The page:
Dog sledding in the Alaskan wilderness (part four)

James WerbDog Sledding0 Comments

Alaskan Husky

Alaskan huskies are not a pure breed, they all look quite different from each other. What sets them apart is their stamina and tolerance for the bitter Alaskan winters. They sleep outside year round whatever the temperature without a problem. A quality I wish I’d shared the previous night.

For a second night we couldn’t hold out to wait for an aurora and we turned in at around 9.30pm. It was still light until 11pm and each day would only get longer. Much different to the barely few hours of daylight they had received just a few months previously. Marie was feeling a little better but had become a bit nervous of getting back on the sleds again. She had fallen off the most and it had knocked her confidence a bit. I knew she would feel better after a good night sleep and so we donned an extra set of layers and turned in for the night.

The next morning I woke early having slept much more soundly. My first thoughts turned to getting the stove going, which I did as quickly as possible once I’d managed to locate the lighter. We went through our usual morning routine and prepared to take down the shelter. Thankfully my spare clothes had dried by this point and I was keen to keep them that way.

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Dog sledding in the Alaskan wilderness (part three)

James WerbDog Sledding0 Comments

My dad feeding the huskies

We had just passed the cabin that we were originally supposed to spend the night. Our camp site would be a short distance ahead. As I got ready to go my dad flew past me shouting ‘whoa, whoa, whoa’ as he was being dragged along, legs hanging off the back of the sled, with just his arms outstretched, hanging on to the handle.

There were two clear grooves in the snow where his legs had been. Unfortunately I wasn’t able to get to my camera in time to capture it but it had quickly become one of the highlights of my day. Apparently Nugget had decided that he didn’t want to wait any longer and had immediately started chasing Marie’s sled.

After untangling his dogs and climbing back on to his sled, we caught up with the others and made our way to where we would spend our first two nights. We picked a flat spot, not far from the river and had hoped to use it as a source of water. When we later tried, there was no easy path to it and so we settled for melting snow instead.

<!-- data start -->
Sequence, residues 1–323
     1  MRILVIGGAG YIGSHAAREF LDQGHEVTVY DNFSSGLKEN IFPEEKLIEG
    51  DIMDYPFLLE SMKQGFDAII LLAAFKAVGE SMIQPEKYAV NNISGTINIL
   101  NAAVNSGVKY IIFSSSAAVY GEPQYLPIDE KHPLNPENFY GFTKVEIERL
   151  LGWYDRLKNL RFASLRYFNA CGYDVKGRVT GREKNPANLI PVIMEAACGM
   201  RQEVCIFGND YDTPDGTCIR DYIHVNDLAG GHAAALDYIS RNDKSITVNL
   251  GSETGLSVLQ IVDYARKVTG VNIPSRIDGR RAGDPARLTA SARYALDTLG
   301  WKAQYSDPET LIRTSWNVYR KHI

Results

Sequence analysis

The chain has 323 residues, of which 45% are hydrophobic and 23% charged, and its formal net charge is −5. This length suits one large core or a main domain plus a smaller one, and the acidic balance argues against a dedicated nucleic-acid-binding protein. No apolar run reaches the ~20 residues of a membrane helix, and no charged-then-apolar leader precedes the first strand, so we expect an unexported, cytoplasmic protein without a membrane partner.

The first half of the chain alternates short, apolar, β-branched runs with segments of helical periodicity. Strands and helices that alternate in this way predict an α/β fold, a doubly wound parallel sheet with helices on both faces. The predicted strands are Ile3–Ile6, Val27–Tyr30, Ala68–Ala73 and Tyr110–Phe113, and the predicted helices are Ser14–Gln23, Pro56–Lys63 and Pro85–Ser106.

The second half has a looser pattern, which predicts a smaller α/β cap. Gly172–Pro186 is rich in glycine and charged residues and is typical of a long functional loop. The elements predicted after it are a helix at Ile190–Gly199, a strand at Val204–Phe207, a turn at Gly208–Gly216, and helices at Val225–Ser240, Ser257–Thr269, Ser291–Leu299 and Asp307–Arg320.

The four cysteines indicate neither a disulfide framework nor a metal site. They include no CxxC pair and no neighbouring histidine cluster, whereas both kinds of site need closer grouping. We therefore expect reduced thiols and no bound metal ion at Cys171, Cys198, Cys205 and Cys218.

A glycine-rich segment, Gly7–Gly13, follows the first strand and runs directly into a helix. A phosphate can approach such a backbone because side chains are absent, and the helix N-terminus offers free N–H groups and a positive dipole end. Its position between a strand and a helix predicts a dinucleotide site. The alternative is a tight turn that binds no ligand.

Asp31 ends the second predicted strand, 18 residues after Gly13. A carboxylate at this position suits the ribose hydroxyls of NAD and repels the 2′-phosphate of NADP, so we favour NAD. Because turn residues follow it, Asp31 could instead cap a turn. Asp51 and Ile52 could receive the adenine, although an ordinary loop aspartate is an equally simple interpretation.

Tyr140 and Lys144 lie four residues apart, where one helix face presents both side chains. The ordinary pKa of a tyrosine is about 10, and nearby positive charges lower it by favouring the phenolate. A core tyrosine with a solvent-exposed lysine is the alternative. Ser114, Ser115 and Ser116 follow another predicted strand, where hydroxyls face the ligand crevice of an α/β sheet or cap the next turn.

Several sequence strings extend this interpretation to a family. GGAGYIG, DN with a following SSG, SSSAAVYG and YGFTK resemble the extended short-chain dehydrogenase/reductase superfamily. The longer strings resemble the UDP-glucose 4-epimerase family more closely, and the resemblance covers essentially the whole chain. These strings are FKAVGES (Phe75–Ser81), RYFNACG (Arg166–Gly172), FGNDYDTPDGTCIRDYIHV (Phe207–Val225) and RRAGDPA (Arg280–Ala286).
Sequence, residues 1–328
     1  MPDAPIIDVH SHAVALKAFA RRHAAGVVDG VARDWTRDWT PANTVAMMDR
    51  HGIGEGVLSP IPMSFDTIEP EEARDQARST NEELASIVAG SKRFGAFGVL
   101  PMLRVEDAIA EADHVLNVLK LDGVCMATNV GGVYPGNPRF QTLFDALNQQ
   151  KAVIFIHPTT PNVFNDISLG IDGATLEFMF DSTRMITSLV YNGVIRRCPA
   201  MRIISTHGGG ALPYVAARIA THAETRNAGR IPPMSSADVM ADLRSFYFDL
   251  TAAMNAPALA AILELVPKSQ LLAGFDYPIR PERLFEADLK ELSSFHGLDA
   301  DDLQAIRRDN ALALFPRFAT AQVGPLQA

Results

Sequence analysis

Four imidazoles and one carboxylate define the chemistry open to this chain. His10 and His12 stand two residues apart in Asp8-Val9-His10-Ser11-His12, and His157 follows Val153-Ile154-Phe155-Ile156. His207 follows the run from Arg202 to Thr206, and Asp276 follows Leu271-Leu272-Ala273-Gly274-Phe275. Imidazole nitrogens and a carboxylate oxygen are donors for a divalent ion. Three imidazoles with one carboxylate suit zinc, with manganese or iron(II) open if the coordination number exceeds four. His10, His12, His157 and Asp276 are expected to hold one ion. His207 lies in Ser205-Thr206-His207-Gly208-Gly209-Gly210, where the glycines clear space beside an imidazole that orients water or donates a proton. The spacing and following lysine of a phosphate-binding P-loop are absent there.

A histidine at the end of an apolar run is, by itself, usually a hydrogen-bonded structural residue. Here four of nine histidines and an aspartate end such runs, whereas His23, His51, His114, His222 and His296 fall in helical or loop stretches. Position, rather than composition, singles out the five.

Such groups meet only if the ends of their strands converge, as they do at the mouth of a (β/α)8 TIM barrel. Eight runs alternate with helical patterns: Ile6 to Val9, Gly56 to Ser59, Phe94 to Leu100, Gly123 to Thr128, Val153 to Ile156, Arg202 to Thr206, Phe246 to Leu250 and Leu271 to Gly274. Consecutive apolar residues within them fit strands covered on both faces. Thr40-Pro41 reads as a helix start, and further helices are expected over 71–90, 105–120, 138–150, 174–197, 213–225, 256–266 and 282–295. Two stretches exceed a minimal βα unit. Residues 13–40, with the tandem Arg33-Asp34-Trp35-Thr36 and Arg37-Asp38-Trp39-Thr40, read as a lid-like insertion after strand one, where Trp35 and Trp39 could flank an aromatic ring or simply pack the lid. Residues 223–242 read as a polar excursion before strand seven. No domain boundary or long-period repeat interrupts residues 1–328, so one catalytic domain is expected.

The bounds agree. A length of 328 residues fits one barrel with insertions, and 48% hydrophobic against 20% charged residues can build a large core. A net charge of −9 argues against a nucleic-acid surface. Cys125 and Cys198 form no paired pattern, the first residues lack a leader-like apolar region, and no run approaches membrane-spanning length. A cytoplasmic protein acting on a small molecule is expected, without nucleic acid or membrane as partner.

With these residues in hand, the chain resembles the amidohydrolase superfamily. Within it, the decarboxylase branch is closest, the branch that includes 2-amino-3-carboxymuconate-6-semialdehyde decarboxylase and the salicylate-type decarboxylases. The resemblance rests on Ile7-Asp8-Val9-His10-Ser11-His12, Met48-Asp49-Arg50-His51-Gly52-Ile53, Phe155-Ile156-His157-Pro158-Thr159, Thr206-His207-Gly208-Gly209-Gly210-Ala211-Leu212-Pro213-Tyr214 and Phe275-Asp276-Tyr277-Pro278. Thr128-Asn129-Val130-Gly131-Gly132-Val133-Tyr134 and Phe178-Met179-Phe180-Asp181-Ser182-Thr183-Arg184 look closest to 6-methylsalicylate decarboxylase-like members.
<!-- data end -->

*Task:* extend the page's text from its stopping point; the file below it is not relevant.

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Dog sledding in the Alaskan wilderness (part two)

James WerbDog Sledding0 Comments

Alaskan view

We were all buzzing after out training run and talk turned to the trip ahead. I can’t remember who mentioned it first but we learnt of a very steep drop we would be tackling on our first day. They called it ‘suicide hill’. It was built up a bit to scare us and though we joked about it at the time I think we were all slightly apprehensive of what lay ahead the next day.

Before we turned in for the night I asked Matt about where we would be sleeping while out on the trail. He’d arranged for us to visit two cabins, the second of which would be his. Wanting a more authentic wilderness experience I asked if we could try ‘hot tenting’. I’d read about others enjoying this type of winter shelter and was keen to give it a go for myself.

Rather than sleeping in a normal nylon tent and wrapping up warm, you take a canvas tent and use a wood burning stove instead. Not having had an opportunity to try this in the UK it seemed like the perfect time to give it a go. I’d worry about breaking the news to my dad later.

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Dog sledding in the Alaskan wilderness (part one)

James WerbDog Sledding2 Comments

Dog Sledding in Alaska

We were finally touching down in Eagle, a small community on the US Canadian border. With a population of around 85 people, it’s not only one of the small places I’ve been but also one of the most remote. Cut off from the nearest city for months of the year it was clear we were getting closer to our Alaskan wilderness.

For as long as I can remember my dad has wanted to go dog sledding. After his 70th birthday my partner Marie and I decided it was time to make the dream a reality. We scoured the net for companies offering dog sledding tours. Sweden, Finland, and Norway were discussed though the conversation always ended the same way, “but it’s not Alaska is it?”

We wanted remote, rugged wilderness, the real deal. A weekend in Scandinavia, however beautiful, just wasn’t going to cut it. Then I came across Bush Alaska Expeditions, a family business offering a proper wilderness adventure in the Yukon Charley Rivers National Preserve. A 2.2 million acre area of protected, pristine wilderness. After a few emails back and forth to Scarlett we were booked.

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